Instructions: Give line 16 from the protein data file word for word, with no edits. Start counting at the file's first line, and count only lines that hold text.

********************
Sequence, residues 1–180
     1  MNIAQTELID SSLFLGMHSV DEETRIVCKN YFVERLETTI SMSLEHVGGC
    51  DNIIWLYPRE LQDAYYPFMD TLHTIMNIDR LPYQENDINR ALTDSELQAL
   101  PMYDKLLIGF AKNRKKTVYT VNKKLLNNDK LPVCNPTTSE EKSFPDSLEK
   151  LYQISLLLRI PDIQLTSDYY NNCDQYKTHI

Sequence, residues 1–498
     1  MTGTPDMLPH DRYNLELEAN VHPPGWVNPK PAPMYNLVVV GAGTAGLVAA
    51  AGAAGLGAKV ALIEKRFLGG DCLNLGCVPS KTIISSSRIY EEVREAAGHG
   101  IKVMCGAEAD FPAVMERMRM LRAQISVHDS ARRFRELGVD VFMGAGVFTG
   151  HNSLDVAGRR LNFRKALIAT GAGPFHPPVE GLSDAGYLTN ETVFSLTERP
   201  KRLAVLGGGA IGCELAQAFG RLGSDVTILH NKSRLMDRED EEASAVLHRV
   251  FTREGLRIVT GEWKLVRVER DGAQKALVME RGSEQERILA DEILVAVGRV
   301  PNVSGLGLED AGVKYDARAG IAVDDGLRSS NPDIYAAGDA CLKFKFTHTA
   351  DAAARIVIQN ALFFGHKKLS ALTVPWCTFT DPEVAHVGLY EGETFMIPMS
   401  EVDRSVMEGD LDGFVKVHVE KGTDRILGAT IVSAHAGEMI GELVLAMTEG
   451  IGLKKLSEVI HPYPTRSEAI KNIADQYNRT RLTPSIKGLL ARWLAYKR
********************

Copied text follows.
   451  IGLKKLSEVI HPYPTRSEAI KNIADQYNRT RLTPSIKGLL ARWLAYKR